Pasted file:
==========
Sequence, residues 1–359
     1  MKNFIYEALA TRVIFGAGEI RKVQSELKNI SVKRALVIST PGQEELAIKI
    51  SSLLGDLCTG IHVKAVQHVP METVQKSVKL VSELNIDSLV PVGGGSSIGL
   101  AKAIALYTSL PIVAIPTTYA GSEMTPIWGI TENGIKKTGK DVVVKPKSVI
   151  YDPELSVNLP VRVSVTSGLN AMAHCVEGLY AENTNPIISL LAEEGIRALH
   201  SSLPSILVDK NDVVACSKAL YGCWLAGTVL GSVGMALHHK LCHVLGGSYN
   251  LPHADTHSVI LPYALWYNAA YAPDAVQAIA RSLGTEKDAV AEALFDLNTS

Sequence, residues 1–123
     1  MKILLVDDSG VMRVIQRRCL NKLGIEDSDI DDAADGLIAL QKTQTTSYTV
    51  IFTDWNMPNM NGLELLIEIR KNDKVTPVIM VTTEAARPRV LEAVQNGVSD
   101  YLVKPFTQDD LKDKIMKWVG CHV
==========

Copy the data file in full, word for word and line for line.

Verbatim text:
Sequence, residues 1–359
     1  MKNFIYEALA TRVIFGAGEI RKVQSELKNI SVKRALVIST PGQEELAIKI
    51  SSLLGDLCTG IHVKAVQHVP METVQKSVKL VSELNIDSLV PVGGGSSIGL
   101  AKAIALYTSL PIVAIPTTYA GSEMTPIWGI TENGIKKTGK DVVVKPKSVI
   151  YDPELSVNLP VRVSVTSGLN AMAHCVEGLY AENTNPIISL LAEEGIRALH
   201  SSLPSILVDK NDVVACSKAL YGCWLAGTVL GSVGMALHHK LCHVLGGSYN
   251  LPHADTHSVI LPYALWYNAA YAPDAVQAIA RSLGTEKDAV AEALFDLNTS

Sequence, residues 1–123
     1  MKILLVDDSG VMRVIQRRCL NKLGIEDSDI DDAADGLIAL QKTQTTSYTV
    51  IFTDWNMPNM NGLELLIEIR KNDKVTPVIM VTTEAARPRV LEAVQNGVSD
   101  YLVKPFTQDD LKDKIMKWVG CHV